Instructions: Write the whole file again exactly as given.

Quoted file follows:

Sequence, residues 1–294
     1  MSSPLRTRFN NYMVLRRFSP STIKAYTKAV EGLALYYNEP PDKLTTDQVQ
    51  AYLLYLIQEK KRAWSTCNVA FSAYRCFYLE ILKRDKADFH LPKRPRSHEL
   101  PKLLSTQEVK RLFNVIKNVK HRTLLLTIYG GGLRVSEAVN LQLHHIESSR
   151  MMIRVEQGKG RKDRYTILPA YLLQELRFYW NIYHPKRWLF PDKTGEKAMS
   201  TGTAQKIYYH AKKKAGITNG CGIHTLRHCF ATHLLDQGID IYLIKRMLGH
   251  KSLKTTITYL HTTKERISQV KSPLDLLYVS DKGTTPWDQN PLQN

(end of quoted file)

Sequence, residues 1–294
     1  MSSPLRTRFN NYMVLRRFSP STIKAYTKAV EGLALYYNEP PDKLTTDQVQ
    51  AYLLYLIQEK KRAWSTCNVA FSAYRCFYLE ILKRDKADFH LPKRPRSHEL
   101  PKLLSTQEVK RLFNVIKNVK HRTLLLTIYG GGLRVSEAVN LQLHHIESSR
   151  MMIRVEQGKG RKDRYTILPA YLLQELRFYW NIYHPKRWLF PDKTGEKAMS
   201  TGTAQKIYYH AKKKAGITNG CGIHTLRHCF ATHLLDQGID IYLIKRMLGH
   251  KSLKTTITYL HTTKERISQV KSPLDLLYVS DKGTTPWDQN PLQN